Where does an elder, shepherd, go to learn how to do his job well?  There is no better teacher than a good example of someone who has done it well.  There is no better example than Jesus, the Good Shepherd.

Sheep in Jesus’ fold, sheep pen, have Jesus for a shepherd.  Sheep in Jesus’ sheep pen have come in the door (John 10:7-10).  They hear voice of the Shepherd (John 10:1-5; Matthew 9:36,37).  But sheep in Jesus’ sheep pen are still sheep:  dependent, dirty, disoriented (see previous post:  Advice from a Preacher, Elder, and an Apostle to Elders). They still need a shepherd, including the shepherds that serve under Jesus as the Chief Shepherd.

The example for this process that shepherds today can imitate—the shepherding model of Jesus found in John 10:1-18.

1. He calls his own sheep by name.  He has to know their names.  That is not done in board meetings deciding on whether to use barbed wire or electric fence to keep the sheep in.

“To him the doorkeeper opens, and the sheep hear his voice; and he calls his own sheep by name and leads them out.” (John 10:3).

2. The sheep know the voice of the shepherd.  He has to be talking to them.  They trust only the Good Shepherd.  This comes by talking and listening to the sheep.

“And when he brings out his own sheep, he goes before them; and the sheep follow him, for they know his voice.” (John 10:4).

3. The shepherd is not a hired hand,  does not run when danger comes.  One of the most devastating things a shepherd can do is run away from the sheep when they are in danger and not even say, “Good-bye.”

“The hireling flees because he is a hireling and does not care about the sheep” (John 10:13).

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New Shepherds Orientation coaching assumes:

1. You are not there.
2. You want to go in that direction.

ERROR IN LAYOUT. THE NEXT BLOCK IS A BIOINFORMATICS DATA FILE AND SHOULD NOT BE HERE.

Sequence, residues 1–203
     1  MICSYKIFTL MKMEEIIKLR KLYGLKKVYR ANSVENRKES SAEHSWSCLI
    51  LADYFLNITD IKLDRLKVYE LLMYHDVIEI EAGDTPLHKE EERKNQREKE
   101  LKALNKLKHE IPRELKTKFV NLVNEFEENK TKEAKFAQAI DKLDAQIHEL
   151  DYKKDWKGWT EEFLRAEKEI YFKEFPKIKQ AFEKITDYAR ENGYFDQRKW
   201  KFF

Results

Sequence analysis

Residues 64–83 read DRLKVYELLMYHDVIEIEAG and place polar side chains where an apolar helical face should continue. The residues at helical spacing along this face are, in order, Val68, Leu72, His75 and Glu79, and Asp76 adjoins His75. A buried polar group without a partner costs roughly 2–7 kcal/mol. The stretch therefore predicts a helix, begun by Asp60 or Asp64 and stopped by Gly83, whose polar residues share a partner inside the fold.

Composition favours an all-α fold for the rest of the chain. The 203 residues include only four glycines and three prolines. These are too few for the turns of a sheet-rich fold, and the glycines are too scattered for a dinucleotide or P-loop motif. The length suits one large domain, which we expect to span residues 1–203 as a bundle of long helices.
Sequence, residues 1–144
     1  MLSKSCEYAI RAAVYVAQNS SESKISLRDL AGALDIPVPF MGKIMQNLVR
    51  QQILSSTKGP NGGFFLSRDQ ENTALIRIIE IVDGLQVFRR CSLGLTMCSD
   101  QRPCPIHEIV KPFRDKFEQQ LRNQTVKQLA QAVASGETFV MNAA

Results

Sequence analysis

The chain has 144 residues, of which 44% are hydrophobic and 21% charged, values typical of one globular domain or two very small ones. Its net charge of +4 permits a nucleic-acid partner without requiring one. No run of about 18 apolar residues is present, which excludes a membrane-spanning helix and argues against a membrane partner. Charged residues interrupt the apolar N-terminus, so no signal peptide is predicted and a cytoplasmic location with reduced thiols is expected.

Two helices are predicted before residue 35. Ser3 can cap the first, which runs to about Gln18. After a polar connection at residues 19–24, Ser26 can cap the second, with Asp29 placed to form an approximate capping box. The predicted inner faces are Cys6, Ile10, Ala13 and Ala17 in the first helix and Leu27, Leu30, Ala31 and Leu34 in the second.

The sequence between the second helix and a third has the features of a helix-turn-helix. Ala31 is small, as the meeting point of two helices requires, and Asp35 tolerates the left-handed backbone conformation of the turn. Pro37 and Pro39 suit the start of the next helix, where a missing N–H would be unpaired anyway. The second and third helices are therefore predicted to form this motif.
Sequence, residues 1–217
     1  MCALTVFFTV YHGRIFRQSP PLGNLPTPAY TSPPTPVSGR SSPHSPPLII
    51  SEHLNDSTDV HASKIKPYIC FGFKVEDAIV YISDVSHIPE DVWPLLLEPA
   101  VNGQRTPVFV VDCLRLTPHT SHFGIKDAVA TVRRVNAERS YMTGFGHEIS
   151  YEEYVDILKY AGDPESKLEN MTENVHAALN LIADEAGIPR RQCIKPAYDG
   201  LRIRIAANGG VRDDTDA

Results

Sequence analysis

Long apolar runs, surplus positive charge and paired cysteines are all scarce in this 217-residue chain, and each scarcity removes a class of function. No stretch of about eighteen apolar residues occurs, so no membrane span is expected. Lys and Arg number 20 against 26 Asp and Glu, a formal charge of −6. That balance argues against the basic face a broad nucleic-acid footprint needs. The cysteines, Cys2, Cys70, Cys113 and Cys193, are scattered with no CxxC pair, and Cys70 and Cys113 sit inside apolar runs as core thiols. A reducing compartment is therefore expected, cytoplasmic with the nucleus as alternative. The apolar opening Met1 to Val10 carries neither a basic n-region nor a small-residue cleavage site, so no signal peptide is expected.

3. The group cannot grow without individuals in the group growing.

Growth needs to be continual and balanced.

Shepherds are still Christians, pilgrims on a journey.  One does not know everything just because he is asked to serve as a shepherd.  The man who is not willing and ready to grow into a more effective shepherd, should decline the appointment.

Each person will be making growth plans in five areas:
1. Spiritual.
2. Family.
3. Mental.
4. Physical.
5. Financial.

God is interested in all of life.  Wisdom comes from acknowledging God and asking Him for help in every area.

“Trust in the Lord with all your heart,
And lean not on your own understanding;
In all your ways acknowledge Him,
And He shall direct your paths.” (Proverbs 3:5, 6).

If I look to God in only one or two areas of life, my “life wheel” will be out of balance and the trip will not be smooth.

In New Shepherds Orientation workshops, we do group sessions.  I also talk with individuals about how you like to learn, suggesting resources to help you grow in all areas of life, and checking with you to celebrate the progress and encourage your continued growth.

In this blog, I plan to write about some of the same topics that we discuss in workshops.

If you would like to know more about New Shepherd Orientation workshops and coaching, send me an email and we’ll set up a time to talk:  jerrie@barberclippings.com .

What comments do you have?
What are some topics that you would like to see discussed?